Maine Organic Farmers and Gardeners Association
Organic Farmer Toolkit: Setting Prices

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Setting prices – Setting prices should be based primarily on costs of production and profit goals, which an agriculture business can assess using enterprise evaluation tools. However, this section includes a variety of resources that help business owners evaluate organic prices at different market channels and regions, investigate pricing methods based on sales volume, and learn more about how to articulate why small-scale, organic production may cost consumers more.

Jump to:

Value-Based Pricing Method

Explaining Why Organic Products May Cost More

Sources of Organic Price Data

MOFGA Organic Price Reports – From 2006 through the present, MOFGA has created price reports based on Maine certified organic producer data. These reports typically represent direct-to-consumer sales but also include some small-volume wholesale sales; they usually include information from 20 to 30 producers; and they usually include few livestock products.

Vermont Monthly Farmers’ Market Report – These reports list both organic and conventional prices from a sampling of Vermont’s farmers’ markets for fruits, vegetables and a variety of proteins. From the link above, scroll to the bottom of the page. The price reports there are not listed in chronological order but report through October 2016.

USDA National Retail Report: Local and Organic – These price reports from the USDA Agricultural Marketing Service include advertised pricing at major retail supermarkets nationwide for both local and organic products (scroll down for organic). They include fruits, vegetables, meat, poultry and dairy.

USDA AMS "Run a Custom Report" – This service pulls data from any of the USDA’s market news reports. Start from the page hyperlinked above, choose a category, and you can then sort for any product type you are interested in, and choose organic specific information. Once you generate a report you can sort by region, date ranges, etc.

Value-Based Pricing

Most pricing methods are based on either competitor pricing (i.e., using price reports) or (much better) cost-plus pricing (knowing your costs of production and adding a certain percent for desired profit margin). The most lucrative pricing method often is considered to be value-based, which takes the previous two methods into consideration and factors in the consumer’s willingness to pay – i.e., the additional value the consumer places on your product. Value-based pricing is difficult to calculate for most small business owners but could be evaluated based on sales volume: If you are using cost-plus pricing and are still selling through your inventory, this could suggest that you could charge a higher price without reducing the overall volume of sales.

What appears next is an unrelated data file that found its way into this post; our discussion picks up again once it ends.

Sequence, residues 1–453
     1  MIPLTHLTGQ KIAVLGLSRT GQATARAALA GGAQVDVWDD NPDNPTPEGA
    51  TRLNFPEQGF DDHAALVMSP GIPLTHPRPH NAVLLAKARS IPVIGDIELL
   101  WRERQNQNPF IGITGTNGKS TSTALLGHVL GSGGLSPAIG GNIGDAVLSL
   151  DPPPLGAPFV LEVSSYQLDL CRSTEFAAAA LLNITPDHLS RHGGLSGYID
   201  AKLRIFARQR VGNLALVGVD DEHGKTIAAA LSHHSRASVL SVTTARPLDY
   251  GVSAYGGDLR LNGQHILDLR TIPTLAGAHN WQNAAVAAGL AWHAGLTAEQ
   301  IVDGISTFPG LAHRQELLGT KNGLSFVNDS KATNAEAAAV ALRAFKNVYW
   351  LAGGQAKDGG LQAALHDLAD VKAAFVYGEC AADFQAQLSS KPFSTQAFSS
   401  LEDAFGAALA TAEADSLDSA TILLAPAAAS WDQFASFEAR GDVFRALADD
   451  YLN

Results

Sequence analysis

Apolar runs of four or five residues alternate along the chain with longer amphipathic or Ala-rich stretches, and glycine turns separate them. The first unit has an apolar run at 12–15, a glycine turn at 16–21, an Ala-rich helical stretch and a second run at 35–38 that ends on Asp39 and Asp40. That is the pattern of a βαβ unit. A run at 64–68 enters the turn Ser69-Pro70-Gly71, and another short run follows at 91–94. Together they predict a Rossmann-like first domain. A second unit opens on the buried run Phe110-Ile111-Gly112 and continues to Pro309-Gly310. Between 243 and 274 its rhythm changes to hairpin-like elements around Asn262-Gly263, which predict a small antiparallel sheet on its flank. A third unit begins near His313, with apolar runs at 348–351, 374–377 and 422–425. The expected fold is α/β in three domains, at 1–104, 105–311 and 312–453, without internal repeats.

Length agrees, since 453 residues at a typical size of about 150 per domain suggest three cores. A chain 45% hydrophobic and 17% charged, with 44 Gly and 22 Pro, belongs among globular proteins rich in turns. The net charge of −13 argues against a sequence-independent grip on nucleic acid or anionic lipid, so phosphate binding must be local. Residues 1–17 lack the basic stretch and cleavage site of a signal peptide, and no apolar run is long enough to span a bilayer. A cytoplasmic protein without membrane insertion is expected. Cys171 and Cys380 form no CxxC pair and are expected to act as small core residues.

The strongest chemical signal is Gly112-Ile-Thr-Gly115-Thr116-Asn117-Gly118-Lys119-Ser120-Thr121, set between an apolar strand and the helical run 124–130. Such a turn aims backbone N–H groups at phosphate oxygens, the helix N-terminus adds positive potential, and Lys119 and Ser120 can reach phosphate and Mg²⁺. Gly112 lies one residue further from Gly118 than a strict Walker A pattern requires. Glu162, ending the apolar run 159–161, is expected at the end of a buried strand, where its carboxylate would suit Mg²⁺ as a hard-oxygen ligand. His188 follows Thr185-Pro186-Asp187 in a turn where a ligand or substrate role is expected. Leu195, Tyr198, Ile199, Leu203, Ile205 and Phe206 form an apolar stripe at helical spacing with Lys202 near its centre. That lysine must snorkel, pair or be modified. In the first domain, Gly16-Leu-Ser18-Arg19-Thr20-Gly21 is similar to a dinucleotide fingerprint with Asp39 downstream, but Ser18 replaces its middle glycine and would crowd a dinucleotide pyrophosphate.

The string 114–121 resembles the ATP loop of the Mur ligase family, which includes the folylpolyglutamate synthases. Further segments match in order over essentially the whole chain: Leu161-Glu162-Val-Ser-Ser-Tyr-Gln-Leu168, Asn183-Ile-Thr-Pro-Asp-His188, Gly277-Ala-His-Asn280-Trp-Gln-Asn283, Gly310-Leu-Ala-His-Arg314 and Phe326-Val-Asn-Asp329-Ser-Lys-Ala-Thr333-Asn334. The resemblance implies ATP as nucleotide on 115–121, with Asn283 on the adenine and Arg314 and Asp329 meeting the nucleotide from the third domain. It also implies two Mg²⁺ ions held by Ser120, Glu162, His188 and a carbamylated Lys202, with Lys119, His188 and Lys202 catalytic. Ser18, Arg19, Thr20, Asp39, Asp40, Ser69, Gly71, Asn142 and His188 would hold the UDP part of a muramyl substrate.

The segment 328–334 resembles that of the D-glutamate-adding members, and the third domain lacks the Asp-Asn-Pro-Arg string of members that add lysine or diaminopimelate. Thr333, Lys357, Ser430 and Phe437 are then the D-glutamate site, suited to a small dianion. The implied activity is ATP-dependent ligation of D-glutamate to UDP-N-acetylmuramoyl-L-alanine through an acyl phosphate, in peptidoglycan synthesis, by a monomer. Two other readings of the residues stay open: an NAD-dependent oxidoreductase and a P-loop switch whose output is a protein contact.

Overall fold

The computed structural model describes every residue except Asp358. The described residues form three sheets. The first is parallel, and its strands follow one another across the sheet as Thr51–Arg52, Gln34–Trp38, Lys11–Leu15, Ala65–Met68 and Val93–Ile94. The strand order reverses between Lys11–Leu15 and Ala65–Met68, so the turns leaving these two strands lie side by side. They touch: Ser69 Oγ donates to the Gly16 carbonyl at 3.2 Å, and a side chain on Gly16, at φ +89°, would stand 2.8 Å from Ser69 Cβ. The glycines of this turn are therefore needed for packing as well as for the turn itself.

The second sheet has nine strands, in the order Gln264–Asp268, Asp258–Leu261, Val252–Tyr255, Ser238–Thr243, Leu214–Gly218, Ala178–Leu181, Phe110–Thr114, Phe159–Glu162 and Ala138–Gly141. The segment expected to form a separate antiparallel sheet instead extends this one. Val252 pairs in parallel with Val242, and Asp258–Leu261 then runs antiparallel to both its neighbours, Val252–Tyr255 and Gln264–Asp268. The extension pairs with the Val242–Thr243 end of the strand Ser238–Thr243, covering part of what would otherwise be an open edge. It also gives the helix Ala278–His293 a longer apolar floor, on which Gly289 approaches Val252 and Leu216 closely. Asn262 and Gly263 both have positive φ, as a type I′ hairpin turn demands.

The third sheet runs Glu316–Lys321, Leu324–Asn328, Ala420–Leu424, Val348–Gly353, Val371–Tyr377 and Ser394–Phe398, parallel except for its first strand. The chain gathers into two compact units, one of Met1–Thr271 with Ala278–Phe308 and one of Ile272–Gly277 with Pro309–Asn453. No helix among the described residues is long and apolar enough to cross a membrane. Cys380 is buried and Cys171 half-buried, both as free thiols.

Cabbige – This software helps farmers achieve value-based pricing. After entering your harvest and sales into Cabbige, its proprietary pricing algorithm determines the most profitable price for your crops. In the 2014 pilot, participating New England farms saw a 9.6 percent increase in revenue. However, using Cabbige could duplicate record-keeping for some farms. This subscription program costs $36/month, but a free 30-day trial is available with no credit card info required.

Reading on Value-Based Pricing

A Quick Guide to Value-Based Pricing (Harvard Business Review)

Value-Based Pricing 101 (Price Intelligently)

Explaining Why Organic Products May Cost More
Check out our Organic Pricing Talking Points (PDF 66K)

First note that organic products don't always cost more, even if they probably should. A few informal evaluations demonstrate that sometimes organic products can be more affordable (see here and here; the first piece, from The Cornucopia Institute, has some great considerations regarding the myth that organic is elitist). Even when organic food does cost more, sometimes the premium is surprisingly small. This great study by the USDA Economic Research Service from 2016 has a lot of information about which organic products have the highest and lowest price premiums. This review by Business Insider is less rigorous but has similar conclusions. Finally, the Vermont Agency of Agriculture Food & Markets produced a helpful report that determines that organic produce at farmers' markets is almost always competitively priced with that at grocery stores. I have all of the links above saved as PDFs, so just let me know if any of them disappear from the internet.

Organic Pricing Talking Points

PLEASE NOTE: At the end of 2017, MOFGA will produce a pricing analysis that looks at

– pricing at farmers' markets, natural food stores and grocery stores

– pricing in different regions of Maine

– pricing at different times of the year: May, August and October

– how this information compares with the last pricing analysis we did in 2012, which reviewed data in MOFGA price reports from 2006 to 2011

This publication will show how organic pricing has (or has not) changed over time in Maine. Initial results will be discussed at our 2017 Farmer to Farmer conference.